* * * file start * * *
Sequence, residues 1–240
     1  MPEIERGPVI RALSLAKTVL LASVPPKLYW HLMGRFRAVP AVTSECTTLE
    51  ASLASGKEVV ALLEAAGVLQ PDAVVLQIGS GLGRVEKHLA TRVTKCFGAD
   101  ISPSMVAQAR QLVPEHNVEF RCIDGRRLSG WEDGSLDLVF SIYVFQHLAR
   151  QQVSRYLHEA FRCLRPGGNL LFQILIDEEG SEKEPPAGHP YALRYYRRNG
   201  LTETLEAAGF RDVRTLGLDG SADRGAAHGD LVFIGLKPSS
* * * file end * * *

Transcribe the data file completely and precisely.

Sequence, residues 1–240
     1  MPEIERGPVI RALSLAKTVL LASVPPKLYW HLMGRFRAVP AVTSECTTLE
    51  ASLASGKEVV ALLEAAGVLQ PDAVVLQIGS GLGRVEKHLA TRVTKCFGAD
   101  ISPSMVAQAR QLVPEHNVEF RCIDGRRLSG WEDGSLDLVF SIYVFQHLAR
   151  QQVSRYLHEA FRCLRPGGNL LFQILIDEEG SEKEPPAGHP YALRYYRRNG
   201  LTETLEAAGF RDVRTLGLDG SADRGAAHGD LVFIGLKPSS